Albemarle Stock Initiated at Sell: What You Need to Know

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Every day, Wall Street analysts upgrade some stocks, downgrade others, and "initiate coverage" on a few more. But do these analysts even know what they're talking about? Today, we're taking one high-profile Wall Street pick and putting it under the microscope...

Week after week, Tesla keeps ramping up production of its new Model 3 electric car -- even as rival electric models from Jaguar and Audi begin to reach the market. Which of these companies will win the electric car wars remains to be seen, but one thing at least is clear: At the rate things are going, the world's going to need a whole lot more lithium produced to make batteries for all these electric cars.

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Oddly, one analyst thinks this is bad news for Albemarle (NYSE: ALB) -- despite the fact that it's one of the world's biggest producers of lithium.

Here's what you need to know.

Why lithium fans are worried

Before we get into the specifics of yesterday's sell rating, it's worth scrolling back a few months to March 2018, when equity research firm Vertical Research published a massive 30-company report covering all the major (and not so major) players in the global lithium industry.

As Vertical Research explained at the time, production of lithium carbonate equivalent (LCE) by the industry's top three suppliers (Sociedad Quimica y Minera, FMC Corporation, and Albemarle) is currently approximately 140 thousand tons per annum (KTPA). It's expected to more than double, though, to 330 KTPA by 2021, with Albemarle accounting for half that production -- 165 KTPA.

And that's just for the industry's top players. If you consider expected production increases among the next couple dozen smaller lithium concerns, globally, Vertical Research predicts a 184% increase in lithium supply over the next three years (from 243 KTPA to 691 KTPA) -- versus an increase in lithium demand of only 71% (from 219 KTPA to 374 KTPA).

The obvious conclusion Vertical draws from this is that, although there's great demand for lithium metal to build batteries today, and strong prospects for growth over the next few years, supply is growing so much faster than demand that lithium prices are sure to drop as production ramps up.

Why Vertical Group is concerned about Albemarle in particular

As I say, this is what Vertical Research was worried about six months ago -- a crash in lithium prices that will make it very difficult for lithium producers to earn profits even if they nearly triple lithium production in three years.

Six months on, another firm with a similar name -- investment banker Vertical Group -- is out with a report targeting Albemarle stock in particular. In a note covered yesterday on StreetInsider.com (subscription required), Vertical Group explains that according to its estimates, both current lithium production (214 KTPA) and current lithium demand (205 KTPA) are a bit weaker than Vertical Research previously estimated. This implies a tighter market, with lithium supply outpacing demand by only 4%, rather than 11%.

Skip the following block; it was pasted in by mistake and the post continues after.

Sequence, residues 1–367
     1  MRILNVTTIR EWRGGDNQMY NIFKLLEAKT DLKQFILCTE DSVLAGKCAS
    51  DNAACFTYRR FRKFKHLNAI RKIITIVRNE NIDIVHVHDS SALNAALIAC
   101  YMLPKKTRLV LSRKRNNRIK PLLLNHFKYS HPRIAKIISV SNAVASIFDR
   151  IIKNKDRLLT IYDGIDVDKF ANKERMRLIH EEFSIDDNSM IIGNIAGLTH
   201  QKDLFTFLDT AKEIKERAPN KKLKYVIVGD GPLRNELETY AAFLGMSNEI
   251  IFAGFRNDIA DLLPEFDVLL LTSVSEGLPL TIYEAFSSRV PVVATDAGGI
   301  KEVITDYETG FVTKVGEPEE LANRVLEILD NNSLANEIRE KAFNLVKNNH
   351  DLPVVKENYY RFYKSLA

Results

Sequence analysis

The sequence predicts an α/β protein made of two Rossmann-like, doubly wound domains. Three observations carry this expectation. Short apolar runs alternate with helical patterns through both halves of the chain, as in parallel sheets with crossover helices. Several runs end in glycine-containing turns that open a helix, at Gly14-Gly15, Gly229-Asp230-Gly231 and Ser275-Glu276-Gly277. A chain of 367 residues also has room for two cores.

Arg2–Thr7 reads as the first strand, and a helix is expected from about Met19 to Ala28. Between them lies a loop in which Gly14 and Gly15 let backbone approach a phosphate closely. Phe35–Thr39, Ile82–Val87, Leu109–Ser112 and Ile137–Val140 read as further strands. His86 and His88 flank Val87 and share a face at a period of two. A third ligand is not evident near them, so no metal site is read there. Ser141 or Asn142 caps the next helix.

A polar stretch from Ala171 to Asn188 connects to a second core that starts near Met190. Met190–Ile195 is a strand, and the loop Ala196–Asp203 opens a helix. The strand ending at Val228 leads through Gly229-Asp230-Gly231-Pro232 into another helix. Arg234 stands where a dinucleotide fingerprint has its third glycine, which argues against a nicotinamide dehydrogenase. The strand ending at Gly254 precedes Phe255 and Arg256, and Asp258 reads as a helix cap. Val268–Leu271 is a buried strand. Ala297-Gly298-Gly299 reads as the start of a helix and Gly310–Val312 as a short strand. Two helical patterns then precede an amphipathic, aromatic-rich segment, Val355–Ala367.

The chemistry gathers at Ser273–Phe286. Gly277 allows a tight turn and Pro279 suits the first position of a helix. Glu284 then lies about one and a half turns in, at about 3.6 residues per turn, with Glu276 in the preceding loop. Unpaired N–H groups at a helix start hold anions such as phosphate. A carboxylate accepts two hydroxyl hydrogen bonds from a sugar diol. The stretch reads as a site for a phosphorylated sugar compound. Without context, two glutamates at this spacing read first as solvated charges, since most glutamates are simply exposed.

Vertical Group, incidentally, has a longer-range forecast for future lithium supply and demand. Peering out as far as 2025, Vertical Group estimates that seven years from now, the world will be producing 881 KTPA of lithium, but consuming only 662 KTPA. At that point, LCE supply will exceed demand by a whopping 33%, driving down lithium prices quite forcefully. (Indeed, the analyst warns that supply could peak even earlier than this -- in 2023, to be precise -- so the price crash could happen sooner rather than later.)

Supply contracts won't save Albemarle

Now, some Albemarle fans may point out that the company's practice of entering into long-term lithium supply contracts at fixed prices may help to insulate Albemarle from falling lithium prices -- but Vertical Group isn't so sure about that.

Citing the example of Chinese producer Jiangxi Ganfeng Limited (a $5 billion Chinese chemicals manufacturer that Vertical Research dubbed a "wild card" in its March report), Vertical Group notes that "Ganfeng just signed contracts with LG Chem & Tesla that define vols., but not prices."

If this practice becomes the norm in the lithium industry, it will tend to permit buyers to purchase lithium at (falling) spot prices rather than pay higher, contracted prices that Albemarle has managed to negotiate. In such a scenario, warns Vertical Group, "Albemarle's contract prices are not 'fool proof' (indeed, the real risk is whether long-term contracts break)" and Albemarle is forced to accept lower prices for its lithium -- or lose business to its rivals.

What it means to investors

So what's the upshot of all this for investors?

Current tightness in the lithium market is tending to support Albemarle's profits, which surged 193% last quarter on a 16% increase in sales. Yet even now, lithium supply outstrips lithium demand, and the long-term trend in this market is for that gap between LCE supply and demand to widen even further -- pressuring Albemarle's profit margins.

With Albemarle stock selling for 34 times earnings, and priced at an even more expensive 140 times free cash flow (based on S&P Global Market Intelligence's tally of Albemarle's trailing free cash flow), this stock is priced for perfection now -- but its future looks far from perfect. Even if everything goes right, and the company manages to grow its profits at the 11.5% annualized rate that Wall Street expects, Albemarle stock looks priced to fall -- and Vertical Group is right to warn investors away from it.

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Rich Smith has no position in any of the stocks mentioned. The Motley Fool owns shares of and recommends TSLA. The Motley Fool has a disclosure policy.